Posts Tagged ‘waiting’

I’ve been working on a SS series on Revelation lately. Too much.

We’ve been working on getting the house ready, as many of you know.  This weekend we painted the room the girls will be in. Our friend and renter is now on the other side of the world.  The room has been cleared out, the closet organizer will be installed tomorrow. So we painted. The walls here just seem to soak up paint. Crazy, I say.

We bought 2 adapters for the bed frames since the head boards Amie found on Craigs List had the old fashioned slots. So, I put both frames and head boards together and moved Jadon’s bed into the room. We still need a mattress for Micah, but we purchased a Living Social deal to cover that.

We’ll be moving a small chest of drawers we have between the beds to act as a night stand with additional storage. But you can get an idea of how things will look in there. We may start over with wall decorations. Tough question- do we put up baby pictures of Jadon? Would that bother Micah? Eli was much younger when we adopted him so it doesn’t seem to have been an issue for him. And they didn’t share a room. Something for us to think about.

On a slightly different note, Eli had his eval at the Shriners’ Hospital in LA. He will be having another surgery soon. This is one of the things you can’t always anticipate with adopted kids (and biological ones too). We knew he was a “special needs” child and anticipated medical care. We have heard from other adoptive parents whose kids have needed lots of care, especially dental care, upon coming home. The kids were not “special needs”. So we need to be prepared for the possibility of high medical expenses in the next year.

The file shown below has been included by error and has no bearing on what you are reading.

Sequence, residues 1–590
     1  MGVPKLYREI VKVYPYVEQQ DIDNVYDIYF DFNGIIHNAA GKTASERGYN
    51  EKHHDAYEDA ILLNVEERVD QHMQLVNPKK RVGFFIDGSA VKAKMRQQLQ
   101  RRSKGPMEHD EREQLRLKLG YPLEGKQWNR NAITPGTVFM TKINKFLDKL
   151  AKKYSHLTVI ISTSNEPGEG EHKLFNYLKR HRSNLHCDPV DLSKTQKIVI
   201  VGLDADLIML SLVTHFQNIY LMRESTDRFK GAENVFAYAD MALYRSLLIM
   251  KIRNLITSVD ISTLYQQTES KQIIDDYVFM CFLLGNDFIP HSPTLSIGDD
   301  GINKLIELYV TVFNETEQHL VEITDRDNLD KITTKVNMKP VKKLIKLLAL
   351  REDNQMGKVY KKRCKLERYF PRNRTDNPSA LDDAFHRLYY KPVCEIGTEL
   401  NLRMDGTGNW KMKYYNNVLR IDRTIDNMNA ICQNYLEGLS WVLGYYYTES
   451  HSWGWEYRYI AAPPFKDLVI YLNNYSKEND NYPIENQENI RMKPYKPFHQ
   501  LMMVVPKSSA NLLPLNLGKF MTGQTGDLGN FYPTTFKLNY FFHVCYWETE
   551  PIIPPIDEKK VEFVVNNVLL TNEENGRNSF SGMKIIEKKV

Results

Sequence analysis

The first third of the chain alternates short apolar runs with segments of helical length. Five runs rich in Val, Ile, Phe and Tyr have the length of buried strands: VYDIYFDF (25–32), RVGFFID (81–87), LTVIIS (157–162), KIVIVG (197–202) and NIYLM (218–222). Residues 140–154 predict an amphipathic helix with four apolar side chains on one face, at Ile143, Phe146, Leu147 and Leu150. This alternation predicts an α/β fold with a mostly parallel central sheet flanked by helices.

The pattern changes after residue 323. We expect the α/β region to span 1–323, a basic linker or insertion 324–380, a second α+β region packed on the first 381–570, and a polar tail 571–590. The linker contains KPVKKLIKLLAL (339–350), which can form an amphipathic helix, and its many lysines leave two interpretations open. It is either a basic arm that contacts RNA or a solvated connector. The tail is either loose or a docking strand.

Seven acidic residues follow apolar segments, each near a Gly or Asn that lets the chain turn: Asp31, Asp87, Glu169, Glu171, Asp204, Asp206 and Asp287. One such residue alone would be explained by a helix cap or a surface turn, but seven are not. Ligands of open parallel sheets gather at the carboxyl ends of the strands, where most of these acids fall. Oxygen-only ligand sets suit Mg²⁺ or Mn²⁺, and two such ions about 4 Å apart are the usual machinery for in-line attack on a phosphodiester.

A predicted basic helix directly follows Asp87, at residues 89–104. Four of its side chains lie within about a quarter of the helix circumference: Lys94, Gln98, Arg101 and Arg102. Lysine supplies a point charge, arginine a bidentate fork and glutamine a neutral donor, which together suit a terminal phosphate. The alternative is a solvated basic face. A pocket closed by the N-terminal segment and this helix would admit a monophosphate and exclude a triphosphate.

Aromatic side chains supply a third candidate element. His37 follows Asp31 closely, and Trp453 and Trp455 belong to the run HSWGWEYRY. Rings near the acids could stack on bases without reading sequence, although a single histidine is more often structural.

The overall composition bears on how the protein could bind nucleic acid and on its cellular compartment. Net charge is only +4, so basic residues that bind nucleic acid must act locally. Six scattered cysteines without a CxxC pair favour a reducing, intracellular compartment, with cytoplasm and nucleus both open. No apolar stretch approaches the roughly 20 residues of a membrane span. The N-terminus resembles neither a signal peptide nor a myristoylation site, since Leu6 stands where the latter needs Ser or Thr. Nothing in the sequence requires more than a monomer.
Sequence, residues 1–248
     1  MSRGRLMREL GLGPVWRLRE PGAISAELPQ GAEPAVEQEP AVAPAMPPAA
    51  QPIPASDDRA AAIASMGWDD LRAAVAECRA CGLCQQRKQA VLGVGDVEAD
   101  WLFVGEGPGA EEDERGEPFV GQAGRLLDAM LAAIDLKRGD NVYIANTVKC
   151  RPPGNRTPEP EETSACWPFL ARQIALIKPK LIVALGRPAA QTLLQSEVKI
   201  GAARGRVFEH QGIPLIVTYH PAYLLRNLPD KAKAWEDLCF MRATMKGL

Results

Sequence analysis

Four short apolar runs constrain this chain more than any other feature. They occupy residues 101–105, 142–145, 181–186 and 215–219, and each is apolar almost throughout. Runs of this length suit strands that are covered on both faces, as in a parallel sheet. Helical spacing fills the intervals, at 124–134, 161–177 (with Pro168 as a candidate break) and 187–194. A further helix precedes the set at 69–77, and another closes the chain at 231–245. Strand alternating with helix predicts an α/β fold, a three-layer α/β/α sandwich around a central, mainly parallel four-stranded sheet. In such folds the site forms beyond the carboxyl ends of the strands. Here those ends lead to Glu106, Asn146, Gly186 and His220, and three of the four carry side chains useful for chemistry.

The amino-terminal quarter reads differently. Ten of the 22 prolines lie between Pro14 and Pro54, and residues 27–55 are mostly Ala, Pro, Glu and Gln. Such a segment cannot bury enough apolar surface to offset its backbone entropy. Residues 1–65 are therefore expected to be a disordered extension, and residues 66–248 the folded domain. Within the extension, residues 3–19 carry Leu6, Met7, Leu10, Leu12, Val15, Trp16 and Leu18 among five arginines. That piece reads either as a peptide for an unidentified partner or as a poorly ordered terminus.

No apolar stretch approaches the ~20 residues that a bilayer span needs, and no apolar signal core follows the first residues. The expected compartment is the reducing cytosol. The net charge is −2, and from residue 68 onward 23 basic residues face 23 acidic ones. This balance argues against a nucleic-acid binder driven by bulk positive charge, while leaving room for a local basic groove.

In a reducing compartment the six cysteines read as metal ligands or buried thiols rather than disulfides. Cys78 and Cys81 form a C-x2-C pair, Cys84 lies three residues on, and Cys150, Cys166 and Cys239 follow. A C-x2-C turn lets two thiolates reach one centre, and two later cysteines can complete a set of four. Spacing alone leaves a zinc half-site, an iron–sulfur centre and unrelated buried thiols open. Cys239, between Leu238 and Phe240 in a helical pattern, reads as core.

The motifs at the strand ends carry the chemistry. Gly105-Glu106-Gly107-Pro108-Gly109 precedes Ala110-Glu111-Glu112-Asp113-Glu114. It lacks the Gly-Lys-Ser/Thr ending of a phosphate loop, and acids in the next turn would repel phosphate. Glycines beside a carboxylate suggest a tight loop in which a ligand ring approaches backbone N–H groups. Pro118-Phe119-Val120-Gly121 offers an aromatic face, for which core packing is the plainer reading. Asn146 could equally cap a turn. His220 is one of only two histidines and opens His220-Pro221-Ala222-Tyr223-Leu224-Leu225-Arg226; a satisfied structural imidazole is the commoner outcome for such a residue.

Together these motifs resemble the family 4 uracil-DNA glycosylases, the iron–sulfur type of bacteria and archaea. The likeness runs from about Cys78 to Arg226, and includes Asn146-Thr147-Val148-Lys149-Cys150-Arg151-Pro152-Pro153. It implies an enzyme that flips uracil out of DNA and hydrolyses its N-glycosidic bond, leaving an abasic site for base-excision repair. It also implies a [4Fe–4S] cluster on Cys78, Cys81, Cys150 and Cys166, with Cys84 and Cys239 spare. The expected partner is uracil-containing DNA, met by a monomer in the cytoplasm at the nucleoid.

Tomorrow we head in for our fingerprints for DHS. Yes, they can’t just run them again because I might have changed into someone else. That’s me, a shape shifter.



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Feeling like the pocket is crumbling.

Life has been crazy lately.  You might say we’ve been overwhelmed with certain aspects of the adoption process.

This time things have been different.  Our circumstances have changed, and the the nation is in an economic slump that has hit many people close to us.  Many of the people who assisted us with the first adoption are not able to assist us.  This adoption is also more expensive. People have bought coffee from our store, but no one has taken advantage of the ability to give online.  But we trust God to provide in ways we don’t quite expect.

As a result, we have been apply for lots of grants and loans to make this happen.  This while we continue to await our tax refund. In the midst of the paperwork I developed an infection on my left (writing) hand which limited my ability to help Amie since I was soaking my hand when I was home.  So you could pray about those.


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When I posted “#6” on my Facebook status last week, I bet a number of people thought I was referring to the number of losses the Red Sox had since coincidentally their losing streak went to 6 that same day.  No one asked what I meant.  Maybe they just chalked it up to my eccentricities.  But here is the lowdown.